Facing the Future

When we teach someone to read the Scriptures, we’re pleased. We praise and thank God for the grace and the privilege. “For we”—you and I—“are God’s fellow workers” (1 Corinthians 3:9).

When we teach a teacher, however, we magnify our praise, because we see once again the marvels of God. When we teach a teacher, we reach not only an individual, but hundreds and perhaps thousands of students as well. When we teach a seminary professor or a priest, we are also reaching his congregations for many years and perhaps decades to come.

That’s why summer always fills me with exhilarating hope. Summer is the time when teachers traditionally enjoy their big break. But for us it’s been a time to step up the pace of our labors, as more and more teachers choose to spend their break with us, learning to read the Scriptures more deeply and from the heart of the Church—and learning to share their insights and the insights of the great saints and scholars.

These months have been rich. I already reported to you about our summer institute for young scholars. But that was only the beginning. 
We went on to host several hundred people—most of them catechists and Bible-study leaders—at our annual institute for Applied Biblical Studies, co-sponsored with Franciscan University. There I was delighted not only to teach, but also to listen to younger colleagues who are already impressive scholars. Many of them were my own students years ago, and now they’re teachers and administrators with tenure, abundant publications, and influence. We were joined by an impressive bishop who is also an accomplished Scripture scholar, the Most Reverend Arthur Serratelli of Paterson, New Jersey.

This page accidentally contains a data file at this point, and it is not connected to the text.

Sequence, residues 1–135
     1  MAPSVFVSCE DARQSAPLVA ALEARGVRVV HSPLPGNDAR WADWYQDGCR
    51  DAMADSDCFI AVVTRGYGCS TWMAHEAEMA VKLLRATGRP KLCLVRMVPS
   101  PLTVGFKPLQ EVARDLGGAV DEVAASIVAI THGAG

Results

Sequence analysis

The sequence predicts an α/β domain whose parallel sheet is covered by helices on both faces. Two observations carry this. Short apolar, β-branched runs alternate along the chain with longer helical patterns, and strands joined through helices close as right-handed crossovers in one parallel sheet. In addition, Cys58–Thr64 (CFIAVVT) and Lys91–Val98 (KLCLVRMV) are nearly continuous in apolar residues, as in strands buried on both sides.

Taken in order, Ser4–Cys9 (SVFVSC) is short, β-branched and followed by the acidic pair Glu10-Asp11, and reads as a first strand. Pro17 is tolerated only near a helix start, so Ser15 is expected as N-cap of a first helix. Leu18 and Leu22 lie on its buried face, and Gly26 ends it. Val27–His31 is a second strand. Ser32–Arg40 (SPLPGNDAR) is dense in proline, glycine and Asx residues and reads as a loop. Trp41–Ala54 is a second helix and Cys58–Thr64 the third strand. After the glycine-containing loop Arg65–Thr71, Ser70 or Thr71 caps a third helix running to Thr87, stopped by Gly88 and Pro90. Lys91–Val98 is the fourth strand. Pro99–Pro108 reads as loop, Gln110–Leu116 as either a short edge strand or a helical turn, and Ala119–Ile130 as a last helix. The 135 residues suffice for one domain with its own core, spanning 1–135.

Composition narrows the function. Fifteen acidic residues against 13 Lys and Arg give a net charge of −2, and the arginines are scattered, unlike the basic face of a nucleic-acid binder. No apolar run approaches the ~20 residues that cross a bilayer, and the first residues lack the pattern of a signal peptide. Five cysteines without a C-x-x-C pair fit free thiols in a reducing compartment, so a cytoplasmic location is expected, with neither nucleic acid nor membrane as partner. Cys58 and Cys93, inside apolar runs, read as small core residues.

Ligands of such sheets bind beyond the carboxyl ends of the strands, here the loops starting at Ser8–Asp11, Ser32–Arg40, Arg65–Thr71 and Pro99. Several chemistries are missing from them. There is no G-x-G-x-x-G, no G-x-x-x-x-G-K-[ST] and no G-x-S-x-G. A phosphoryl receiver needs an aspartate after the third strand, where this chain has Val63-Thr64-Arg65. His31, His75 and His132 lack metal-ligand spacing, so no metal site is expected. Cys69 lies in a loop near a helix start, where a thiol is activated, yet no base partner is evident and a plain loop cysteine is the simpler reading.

When I consider the long careers these teachers have ahead of them—and the many students they’ll reach—and the many souls their students will reach—I’m filled with hope for the future. When Catholics read the Bible from the heart of the Church, they’re transformed. They become more Christ-like, able to endure and prevail and triumph amid the most severe tests and trials.

And that was only the beginning of our summer activities. We went from there to attend the annual meeting of the Catholic Biblical Association, where we met with many more young scholars. As I send this column off, we are just wrapping up our preparations for yet another big conference, Fullness of Truth in San Antonio, Texas, where well over a thousand have already registered.

We are reaching the teachers. We are teaching the teachers. And so, with confidence in God’s grace, we’re stretching for the far horizons.

When I look out at those crowded classrooms and auditoriums, I can’t help but think and pray: “their voice goes out through all the earth, and their words to the end of the world” (Psalm 19:4).

You make this possible. How can I thank you enough?